The temperature in Mitribah, Kuwait, surged Thursday to a blistering 129.2 degrees (54 Celsius). And on Friday in Basra, Iraq, the mercury soared to 129.0 degrees (53.9 Celsius). If confirmed, these incredible measurements would represent the two hottest temperatures ever recorded in the Eastern Hemisphere.
In Fujairah, on the east coast of the United Arab Emirates, the dew point — a measure of humidity — reached 90 degrees (32 Celsius) at 4 p.m. local time Thursday. The 90-degree dew point, combined with the air temperature of 97 degrees (36 Celsius), computes to a heat index of over 140 degrees (60 Celsius).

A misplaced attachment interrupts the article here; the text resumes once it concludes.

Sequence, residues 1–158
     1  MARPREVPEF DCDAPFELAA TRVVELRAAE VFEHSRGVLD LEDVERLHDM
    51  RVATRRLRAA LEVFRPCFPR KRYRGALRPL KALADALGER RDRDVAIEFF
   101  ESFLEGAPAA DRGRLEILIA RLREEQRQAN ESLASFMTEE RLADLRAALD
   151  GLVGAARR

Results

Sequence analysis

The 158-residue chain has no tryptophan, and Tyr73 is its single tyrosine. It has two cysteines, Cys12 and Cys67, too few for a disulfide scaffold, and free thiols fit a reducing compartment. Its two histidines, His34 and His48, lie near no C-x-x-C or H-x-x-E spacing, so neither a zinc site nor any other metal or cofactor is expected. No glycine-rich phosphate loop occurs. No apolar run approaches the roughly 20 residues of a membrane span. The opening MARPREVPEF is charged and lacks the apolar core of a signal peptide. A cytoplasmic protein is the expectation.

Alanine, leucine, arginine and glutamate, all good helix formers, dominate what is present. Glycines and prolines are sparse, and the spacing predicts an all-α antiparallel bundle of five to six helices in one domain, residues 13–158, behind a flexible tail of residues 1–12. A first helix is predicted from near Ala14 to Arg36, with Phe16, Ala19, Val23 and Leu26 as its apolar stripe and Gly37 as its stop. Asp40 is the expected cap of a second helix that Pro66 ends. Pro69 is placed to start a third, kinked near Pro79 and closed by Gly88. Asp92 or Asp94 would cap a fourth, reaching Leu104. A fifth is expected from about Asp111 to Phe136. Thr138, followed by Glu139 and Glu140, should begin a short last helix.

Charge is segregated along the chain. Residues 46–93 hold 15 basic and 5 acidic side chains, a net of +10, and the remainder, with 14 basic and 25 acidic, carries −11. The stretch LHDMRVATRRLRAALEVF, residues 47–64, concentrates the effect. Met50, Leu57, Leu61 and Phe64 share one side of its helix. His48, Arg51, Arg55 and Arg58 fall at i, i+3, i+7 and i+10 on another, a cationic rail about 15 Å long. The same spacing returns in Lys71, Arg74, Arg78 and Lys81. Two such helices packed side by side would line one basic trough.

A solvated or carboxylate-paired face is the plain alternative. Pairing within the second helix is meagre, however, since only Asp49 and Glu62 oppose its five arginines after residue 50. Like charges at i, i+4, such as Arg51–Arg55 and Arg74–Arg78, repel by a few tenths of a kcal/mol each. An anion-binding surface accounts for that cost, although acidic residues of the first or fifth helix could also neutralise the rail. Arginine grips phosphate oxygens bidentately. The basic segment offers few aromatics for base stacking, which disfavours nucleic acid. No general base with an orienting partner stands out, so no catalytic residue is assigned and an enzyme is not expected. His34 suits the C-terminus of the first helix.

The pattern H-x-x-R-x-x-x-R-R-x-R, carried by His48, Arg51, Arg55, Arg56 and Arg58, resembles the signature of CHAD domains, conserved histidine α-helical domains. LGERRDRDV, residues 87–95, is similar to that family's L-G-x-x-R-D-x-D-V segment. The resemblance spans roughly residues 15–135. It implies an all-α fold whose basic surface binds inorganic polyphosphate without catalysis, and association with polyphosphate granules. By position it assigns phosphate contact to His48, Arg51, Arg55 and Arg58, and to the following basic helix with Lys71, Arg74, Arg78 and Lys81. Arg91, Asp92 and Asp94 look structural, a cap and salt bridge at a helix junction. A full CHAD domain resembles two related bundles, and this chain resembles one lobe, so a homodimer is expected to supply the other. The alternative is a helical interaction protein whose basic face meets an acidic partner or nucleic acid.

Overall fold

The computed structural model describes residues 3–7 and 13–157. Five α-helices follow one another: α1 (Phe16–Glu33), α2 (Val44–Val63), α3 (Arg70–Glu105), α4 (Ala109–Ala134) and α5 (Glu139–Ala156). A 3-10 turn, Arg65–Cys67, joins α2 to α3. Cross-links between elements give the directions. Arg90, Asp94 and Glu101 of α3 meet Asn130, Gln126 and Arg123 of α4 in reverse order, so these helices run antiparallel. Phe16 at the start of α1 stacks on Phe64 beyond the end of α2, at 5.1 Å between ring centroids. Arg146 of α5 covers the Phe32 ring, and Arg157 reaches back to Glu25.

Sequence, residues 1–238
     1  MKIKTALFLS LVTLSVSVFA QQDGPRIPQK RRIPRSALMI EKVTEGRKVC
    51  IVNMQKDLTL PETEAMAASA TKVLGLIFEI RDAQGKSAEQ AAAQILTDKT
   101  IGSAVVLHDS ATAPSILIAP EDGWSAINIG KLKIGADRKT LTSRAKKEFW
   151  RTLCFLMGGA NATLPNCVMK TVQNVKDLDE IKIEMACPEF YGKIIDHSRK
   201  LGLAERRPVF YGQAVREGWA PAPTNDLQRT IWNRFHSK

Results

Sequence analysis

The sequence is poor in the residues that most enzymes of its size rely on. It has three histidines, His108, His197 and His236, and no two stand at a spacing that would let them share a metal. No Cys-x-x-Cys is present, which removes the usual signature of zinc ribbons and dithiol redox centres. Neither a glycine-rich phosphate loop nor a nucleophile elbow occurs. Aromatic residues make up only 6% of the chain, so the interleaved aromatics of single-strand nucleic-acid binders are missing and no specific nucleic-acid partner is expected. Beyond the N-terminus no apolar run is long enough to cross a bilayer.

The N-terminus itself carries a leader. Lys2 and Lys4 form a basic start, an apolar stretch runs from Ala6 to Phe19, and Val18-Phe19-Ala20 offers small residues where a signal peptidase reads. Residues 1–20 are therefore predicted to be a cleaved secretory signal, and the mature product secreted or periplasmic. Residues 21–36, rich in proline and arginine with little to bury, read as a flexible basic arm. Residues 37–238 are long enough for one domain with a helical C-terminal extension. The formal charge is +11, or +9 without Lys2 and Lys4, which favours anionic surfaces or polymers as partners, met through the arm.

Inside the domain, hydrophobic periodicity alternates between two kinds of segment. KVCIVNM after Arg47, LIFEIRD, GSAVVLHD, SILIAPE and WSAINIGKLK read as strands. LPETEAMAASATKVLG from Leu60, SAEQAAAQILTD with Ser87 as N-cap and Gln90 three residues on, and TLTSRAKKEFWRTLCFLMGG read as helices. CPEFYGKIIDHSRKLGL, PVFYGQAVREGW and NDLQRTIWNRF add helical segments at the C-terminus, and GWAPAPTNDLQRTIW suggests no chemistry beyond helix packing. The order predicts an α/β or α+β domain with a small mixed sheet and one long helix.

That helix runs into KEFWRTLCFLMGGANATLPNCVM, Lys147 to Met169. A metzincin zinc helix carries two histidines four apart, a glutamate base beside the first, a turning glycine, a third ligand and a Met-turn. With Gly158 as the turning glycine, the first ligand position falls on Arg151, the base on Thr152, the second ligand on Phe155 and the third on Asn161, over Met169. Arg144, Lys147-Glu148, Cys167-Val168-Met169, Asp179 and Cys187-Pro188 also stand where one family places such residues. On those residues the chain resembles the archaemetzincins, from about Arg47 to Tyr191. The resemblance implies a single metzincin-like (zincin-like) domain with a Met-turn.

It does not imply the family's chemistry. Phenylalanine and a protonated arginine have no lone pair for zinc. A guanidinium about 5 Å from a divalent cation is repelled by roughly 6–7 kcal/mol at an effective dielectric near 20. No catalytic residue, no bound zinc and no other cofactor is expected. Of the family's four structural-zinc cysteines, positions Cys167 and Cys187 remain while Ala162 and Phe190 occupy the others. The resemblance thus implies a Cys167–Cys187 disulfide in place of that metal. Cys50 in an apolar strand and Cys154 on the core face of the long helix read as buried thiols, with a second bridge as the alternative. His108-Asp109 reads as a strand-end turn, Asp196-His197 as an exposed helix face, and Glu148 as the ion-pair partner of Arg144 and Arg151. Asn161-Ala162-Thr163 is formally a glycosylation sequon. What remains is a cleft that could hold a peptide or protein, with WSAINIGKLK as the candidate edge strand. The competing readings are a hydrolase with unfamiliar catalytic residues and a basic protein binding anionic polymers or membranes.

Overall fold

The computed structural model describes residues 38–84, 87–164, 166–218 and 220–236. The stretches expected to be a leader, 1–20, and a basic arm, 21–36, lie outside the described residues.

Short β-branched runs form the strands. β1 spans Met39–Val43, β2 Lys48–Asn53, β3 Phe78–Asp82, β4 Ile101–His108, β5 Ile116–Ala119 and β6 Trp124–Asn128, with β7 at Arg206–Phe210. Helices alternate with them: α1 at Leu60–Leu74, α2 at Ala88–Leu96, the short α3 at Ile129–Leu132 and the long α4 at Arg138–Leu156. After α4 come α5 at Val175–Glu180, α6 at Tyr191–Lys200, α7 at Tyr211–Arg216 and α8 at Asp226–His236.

However, this combination of temperature and humidity is so extreme that it’sbeyond levels the heat index is designed to measure. The index, developed by R.G. Steadman in 1979, is actually only intended to compute values up to about 136 degrees.
In Bandar Mahshahr, Iran, on Thursday, the air temperature soared to 106 degrees (41 Celsius), which, combined with a dew point of 86 (30 Celsius), would produce a heat index over 140 (60 Celsius), also over the limit. These conditions were only slightly less extreme than July 31 last year, when Bandar Mahshahr posted an air temperature of 115 degrees (46 Celsius) and dew point of 90 (32 Celsius), which resulted in an over-the-limit heat index of 165 degrees (74 Celsius). Bandar Mahshahr sits adjacent to the Persian Gulf in southwest Iran